We need to understand properly the Americanness of Abstract Expressionism, without treating it either as a triumph of chauvinistic mythmaking or as an episode in the Cold War.
Just as many Matisse drawings and paintings made in Nice in the 1920s and 30s incorporate a representation of himself making the work of art, so Miller includes images of his working space in his landscapes. The effect is to bring us into the working process.
Nightfall can inspire fascination with the starry sky, optimistic hopes for fulfilled sexual desire, or at least anticipation of sleep. But it can also cause anxiety if you are lonely, which is why van Gogh described The Night Café (1988), at MoMA, as showing a place where “dark forces lurked and suppressed human passions could suddenly explode.”
Mezhibovskaya’s art is the most devastating commentary on Art Since 1900 and the most original supplement to Duchamp’s ready mades and Danto’s commentary on Brillo Box that I have had the pleasure to discover.
Like the Impressionists, Friedman transfigures the contemporary world. What more could we ask of any artist?
Using few footnotes, this collection of Boris Groys’s essays offers a compulsively original account of contemporary art and the political systems that support it. Educated in the former USSR, now a professor in Germany who also teaches at NYU, he brings to contemporary art theory a highly original perspective. Groys discusses fundamental topics: the nature…
Art historians usually feel no need to look back at the history of art history. Michael Podro took a different view. He believed that a way to understand visual art was to look critically at the history of art history. His first book The Manifold in Perception: Theories of Art from Kant to Hildebrand (1972) provides…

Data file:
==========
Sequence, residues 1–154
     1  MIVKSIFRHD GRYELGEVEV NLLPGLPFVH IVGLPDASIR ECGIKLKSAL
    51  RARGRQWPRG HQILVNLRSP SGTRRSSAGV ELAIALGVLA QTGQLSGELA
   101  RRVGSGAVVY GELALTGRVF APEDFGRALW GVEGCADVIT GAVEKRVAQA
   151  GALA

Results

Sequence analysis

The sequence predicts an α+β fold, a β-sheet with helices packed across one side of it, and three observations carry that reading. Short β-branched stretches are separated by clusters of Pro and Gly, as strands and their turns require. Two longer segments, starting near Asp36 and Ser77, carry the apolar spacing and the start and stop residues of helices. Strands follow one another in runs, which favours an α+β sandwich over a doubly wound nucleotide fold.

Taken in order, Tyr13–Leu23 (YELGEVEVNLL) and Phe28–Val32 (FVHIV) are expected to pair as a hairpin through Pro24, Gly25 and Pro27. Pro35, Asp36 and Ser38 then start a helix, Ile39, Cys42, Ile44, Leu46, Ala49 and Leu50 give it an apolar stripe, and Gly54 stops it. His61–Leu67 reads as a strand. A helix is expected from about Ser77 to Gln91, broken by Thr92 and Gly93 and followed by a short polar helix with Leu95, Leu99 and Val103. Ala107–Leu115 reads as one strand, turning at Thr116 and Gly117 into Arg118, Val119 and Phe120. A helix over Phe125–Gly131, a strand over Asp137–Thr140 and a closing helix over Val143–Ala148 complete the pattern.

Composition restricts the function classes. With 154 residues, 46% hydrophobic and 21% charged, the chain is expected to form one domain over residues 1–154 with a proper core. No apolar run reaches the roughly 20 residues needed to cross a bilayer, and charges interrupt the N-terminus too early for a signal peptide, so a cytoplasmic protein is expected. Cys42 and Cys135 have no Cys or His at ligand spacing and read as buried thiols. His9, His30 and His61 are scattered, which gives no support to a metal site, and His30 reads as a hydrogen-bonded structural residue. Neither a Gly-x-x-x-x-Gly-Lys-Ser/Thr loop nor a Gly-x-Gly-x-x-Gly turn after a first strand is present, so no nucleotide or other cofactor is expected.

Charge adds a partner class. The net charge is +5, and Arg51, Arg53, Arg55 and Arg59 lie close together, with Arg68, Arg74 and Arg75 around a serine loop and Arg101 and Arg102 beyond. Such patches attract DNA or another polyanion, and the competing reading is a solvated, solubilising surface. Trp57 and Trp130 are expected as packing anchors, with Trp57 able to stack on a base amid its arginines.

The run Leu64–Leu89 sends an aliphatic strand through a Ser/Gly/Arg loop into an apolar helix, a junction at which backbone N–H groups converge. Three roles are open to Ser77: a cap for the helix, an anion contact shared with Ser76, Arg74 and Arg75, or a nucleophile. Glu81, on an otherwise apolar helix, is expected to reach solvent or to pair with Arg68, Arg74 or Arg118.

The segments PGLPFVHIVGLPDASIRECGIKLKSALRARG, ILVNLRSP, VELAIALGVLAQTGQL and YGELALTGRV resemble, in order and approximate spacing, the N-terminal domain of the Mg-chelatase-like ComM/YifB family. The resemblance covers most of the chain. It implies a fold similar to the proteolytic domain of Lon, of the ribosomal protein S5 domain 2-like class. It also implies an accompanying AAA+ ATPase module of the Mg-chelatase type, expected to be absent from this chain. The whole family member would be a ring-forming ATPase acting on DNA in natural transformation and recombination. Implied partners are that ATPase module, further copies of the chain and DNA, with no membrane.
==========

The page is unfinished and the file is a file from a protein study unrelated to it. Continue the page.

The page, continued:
For an abstract painter of her generation, the older distinctions between figurative and abstract art, or between politically critical art and the consumer products of mass culture cease to have much importance. Perhaps that is why her essentially cheerful art shows no signs of th angst which inspired so many of the pioneering Abstract Expressionists.
Too often group exhibitions, especially those that mix together young artists and famous figures, fail to reveal elective affinities. This tight small show, however, revealed that these nine very different looking works of art all shared a genuine concern with successive approximation. And in doing that, it also displayed the totally unexpected relationship of these contemporary works of art with the traditions of old master painting.
When these three Tiepolos at the Met were removed from the main salon of Ca’Dolfin, the intended site-specific lighting effects were lost. But Alpers, Hyde and Kulok recreate the way that, to quote Alpers and Baxandall, “the world, on Tiepolo’s account, presents a conundrum and his painting makes us conscious of having to work to make things out.”